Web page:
Anastasia Ending Ball Gown Part 3 Overskirt

The reason this has a separate blog piece about it is because I wasn’t sure how I was going to make this. I wasn’t sure if it would have a waistband on its own? Hooked to the bodice? Or quite possibly sewn into the bodice at the bottom. So, being unsure, I decided to draft the base of it first. Then I will figure out how to add it later. I may just attach it to the bodice, but there is a flaw in that plan.

If I attach it straight to the bodice, then the corset method is out and I have to have the opening in the front. Which I do not want to have that.

While researching Court dresses from that era I have come to the conclusion that they are indeed laced up the back. And that the train piece is a type of skirt. I couldn’t find out if it is separate from the underskirt or if they are both attached. For the sake of this piece I am treating them as separate. Because the waistband for the other piece is already finished and I would hate to have to unstitch the seams to just add the golden overskirt.

With that notion in mind the hardest part will be determining the method of closure. Whether I go the same route as the underskirt and use buttons or if I chose the easy method of skirt hooks or ties. I am leaning towards the skirt hooks or ties. Lease likely the ties because they will have to be tucked under the bodice and that will add unnecessary bulk under the bodice.

We already have the waistband of two petticoats (and I may add a third to it), the underskirt, and this skirt. Oh, and the bum roll. Can’t forget about the bum roll. Just because the crinoline was too big for this dress didn’t mean I couldn’t add an extra layer of fluff by a mini bum roll. And by mini bum roll I added half the amount of stuffing in that was supposed to go into the bum roll.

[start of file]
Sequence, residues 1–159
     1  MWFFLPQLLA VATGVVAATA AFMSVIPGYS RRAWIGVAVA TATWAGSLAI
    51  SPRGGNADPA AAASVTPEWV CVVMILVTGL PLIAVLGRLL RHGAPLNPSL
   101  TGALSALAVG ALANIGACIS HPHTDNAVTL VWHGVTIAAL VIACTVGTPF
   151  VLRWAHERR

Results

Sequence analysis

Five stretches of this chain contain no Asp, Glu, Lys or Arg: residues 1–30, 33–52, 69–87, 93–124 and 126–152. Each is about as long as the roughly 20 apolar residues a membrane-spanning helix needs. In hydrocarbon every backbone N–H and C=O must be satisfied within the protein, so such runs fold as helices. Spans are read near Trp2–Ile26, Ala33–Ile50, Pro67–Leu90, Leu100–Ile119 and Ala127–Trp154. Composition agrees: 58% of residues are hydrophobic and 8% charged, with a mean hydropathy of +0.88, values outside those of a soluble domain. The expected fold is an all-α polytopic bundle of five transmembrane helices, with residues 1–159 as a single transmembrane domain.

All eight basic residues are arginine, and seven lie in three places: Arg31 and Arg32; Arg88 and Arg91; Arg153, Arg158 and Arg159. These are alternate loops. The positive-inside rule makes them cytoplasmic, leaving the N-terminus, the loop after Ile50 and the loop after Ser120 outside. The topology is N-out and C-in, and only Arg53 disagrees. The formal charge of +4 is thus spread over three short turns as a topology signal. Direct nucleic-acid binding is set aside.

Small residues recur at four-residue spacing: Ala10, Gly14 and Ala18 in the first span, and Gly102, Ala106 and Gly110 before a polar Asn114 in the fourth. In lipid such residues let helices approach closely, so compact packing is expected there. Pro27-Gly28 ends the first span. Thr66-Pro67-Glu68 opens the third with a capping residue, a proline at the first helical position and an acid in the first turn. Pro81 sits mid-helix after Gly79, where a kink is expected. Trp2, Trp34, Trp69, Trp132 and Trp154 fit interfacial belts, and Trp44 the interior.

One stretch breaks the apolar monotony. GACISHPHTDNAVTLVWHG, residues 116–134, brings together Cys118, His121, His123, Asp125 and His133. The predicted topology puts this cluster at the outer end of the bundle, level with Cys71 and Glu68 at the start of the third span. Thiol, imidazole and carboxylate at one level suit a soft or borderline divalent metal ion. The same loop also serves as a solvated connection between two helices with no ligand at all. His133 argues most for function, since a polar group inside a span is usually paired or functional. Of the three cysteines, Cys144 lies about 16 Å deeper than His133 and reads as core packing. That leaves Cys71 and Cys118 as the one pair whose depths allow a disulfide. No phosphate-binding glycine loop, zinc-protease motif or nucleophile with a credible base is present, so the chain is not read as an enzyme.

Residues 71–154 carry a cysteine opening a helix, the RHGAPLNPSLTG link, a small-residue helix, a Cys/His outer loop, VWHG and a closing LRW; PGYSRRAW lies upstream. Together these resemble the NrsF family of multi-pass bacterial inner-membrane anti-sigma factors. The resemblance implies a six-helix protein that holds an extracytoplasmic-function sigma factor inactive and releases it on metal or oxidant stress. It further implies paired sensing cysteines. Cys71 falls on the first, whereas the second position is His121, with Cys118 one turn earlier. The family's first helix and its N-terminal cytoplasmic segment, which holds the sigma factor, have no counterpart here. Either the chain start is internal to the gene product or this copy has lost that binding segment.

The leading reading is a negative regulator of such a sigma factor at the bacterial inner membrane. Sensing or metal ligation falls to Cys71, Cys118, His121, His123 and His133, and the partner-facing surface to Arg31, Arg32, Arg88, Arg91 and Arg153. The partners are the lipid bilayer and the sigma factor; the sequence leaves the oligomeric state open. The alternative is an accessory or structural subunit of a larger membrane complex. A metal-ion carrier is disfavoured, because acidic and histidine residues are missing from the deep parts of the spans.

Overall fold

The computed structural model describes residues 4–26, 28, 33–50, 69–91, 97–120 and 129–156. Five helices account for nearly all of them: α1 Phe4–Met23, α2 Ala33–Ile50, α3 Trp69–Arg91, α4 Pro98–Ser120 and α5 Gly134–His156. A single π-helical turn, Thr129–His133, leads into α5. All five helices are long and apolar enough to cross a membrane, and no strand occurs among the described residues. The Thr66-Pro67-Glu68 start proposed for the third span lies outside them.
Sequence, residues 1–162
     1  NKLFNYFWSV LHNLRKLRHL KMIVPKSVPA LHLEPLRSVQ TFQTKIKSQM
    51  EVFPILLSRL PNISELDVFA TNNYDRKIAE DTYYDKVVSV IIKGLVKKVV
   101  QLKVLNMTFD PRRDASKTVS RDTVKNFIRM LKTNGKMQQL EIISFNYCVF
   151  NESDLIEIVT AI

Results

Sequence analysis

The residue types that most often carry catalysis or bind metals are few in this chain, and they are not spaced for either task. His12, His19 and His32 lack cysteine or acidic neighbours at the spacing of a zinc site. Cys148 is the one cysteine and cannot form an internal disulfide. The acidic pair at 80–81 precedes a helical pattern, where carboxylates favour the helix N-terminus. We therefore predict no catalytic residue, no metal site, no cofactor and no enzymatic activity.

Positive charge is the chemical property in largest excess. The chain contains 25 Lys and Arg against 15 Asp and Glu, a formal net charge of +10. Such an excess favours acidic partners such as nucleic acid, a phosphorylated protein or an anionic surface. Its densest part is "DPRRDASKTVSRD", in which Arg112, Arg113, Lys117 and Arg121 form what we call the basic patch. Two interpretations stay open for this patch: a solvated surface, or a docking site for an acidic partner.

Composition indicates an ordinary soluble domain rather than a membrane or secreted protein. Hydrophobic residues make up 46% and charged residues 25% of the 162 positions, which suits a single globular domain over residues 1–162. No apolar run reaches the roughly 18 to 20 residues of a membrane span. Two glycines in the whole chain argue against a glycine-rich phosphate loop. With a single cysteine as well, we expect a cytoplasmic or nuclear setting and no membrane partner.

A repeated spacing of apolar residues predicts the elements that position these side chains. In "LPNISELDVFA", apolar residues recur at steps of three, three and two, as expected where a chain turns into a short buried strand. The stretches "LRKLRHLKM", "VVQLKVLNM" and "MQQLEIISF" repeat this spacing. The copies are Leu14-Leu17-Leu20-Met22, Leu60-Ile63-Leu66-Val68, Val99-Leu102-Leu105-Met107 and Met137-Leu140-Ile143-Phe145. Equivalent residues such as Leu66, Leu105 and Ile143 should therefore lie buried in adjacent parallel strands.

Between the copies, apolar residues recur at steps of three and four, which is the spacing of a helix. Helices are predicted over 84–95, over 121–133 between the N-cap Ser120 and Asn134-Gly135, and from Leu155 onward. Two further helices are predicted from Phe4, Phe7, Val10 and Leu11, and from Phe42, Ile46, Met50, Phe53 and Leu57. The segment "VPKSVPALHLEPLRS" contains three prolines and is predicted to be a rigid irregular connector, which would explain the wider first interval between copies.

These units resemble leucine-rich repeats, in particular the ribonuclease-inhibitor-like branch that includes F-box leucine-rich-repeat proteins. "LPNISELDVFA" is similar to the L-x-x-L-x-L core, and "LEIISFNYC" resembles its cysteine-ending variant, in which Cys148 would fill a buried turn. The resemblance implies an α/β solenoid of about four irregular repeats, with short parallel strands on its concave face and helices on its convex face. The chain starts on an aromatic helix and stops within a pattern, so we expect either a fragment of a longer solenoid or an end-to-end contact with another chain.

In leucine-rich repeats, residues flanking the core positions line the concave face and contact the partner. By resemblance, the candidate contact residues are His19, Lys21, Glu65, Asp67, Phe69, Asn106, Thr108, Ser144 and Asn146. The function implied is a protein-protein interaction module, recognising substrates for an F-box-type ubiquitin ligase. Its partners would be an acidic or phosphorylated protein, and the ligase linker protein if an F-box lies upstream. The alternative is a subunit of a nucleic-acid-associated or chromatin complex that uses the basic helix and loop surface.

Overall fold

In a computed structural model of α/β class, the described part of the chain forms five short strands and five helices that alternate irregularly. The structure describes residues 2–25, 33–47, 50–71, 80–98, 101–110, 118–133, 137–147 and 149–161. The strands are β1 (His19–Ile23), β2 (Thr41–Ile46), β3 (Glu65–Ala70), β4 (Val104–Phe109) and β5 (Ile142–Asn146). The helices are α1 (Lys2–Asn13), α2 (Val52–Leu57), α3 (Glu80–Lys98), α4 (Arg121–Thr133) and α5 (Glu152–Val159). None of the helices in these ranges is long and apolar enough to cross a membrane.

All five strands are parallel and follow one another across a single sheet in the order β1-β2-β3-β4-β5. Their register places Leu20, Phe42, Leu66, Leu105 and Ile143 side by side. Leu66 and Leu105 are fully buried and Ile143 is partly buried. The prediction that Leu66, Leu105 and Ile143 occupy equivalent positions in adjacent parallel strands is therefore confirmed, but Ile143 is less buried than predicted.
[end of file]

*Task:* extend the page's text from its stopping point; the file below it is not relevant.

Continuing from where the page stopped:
Leave all the layers you plan to have underneath your underskirt on the dress form, I will add the petticoat I plan to replace because I have yet to replace the petticoat and I need the added fluff. I pinned some leftover muslin, a large piece of leftover muslin, onto my mannequin at the waist in the back. Since the back has the train I need to save the longest piece for the back. The dresses from that time looked like they had nice box pleats in the back. One on either end. I have not seen paintings or other works from this time to know for sure. And since I liked the look of box pleats and a train I decided to stick with it.


Determine the length of the box pleats you want to have. Drape the fabric on how you want it to look like. This will help determine the outcome of your project. Make sure to take into consideration the length and width of your fabric. Mine is sixty inches wide with a length of about four or 5 yards. So I can have mine as long as four yards. I won’t because that would be a little difficult to maneuver in. I will probably stick with a forty-inch train at the most. I feel like that would be plenty and I would have the leeway to take it in if I wanted.  Curve the edge at the bottom. You don’t want it to be boxy unless you are going for that look.


I had all the intentions of making a mockup and testing the fit and all these things to it. But let’s be honest. I ran out of time and decided to not make a mockup. I did buy some satin that I was using for the mockup, but gave up on it and put that into storage.


I grabbed my fabric, put a pin at the center of the fabric and at the center of my dress form, matched pins and placed the fabric there. I marked out my box pleats where I wanted them to be and folded the fabric at that point. I had the giant pleats on the inside, didn’t like that. The pleats facing outward looked better and I placed a mark with an erasable pen.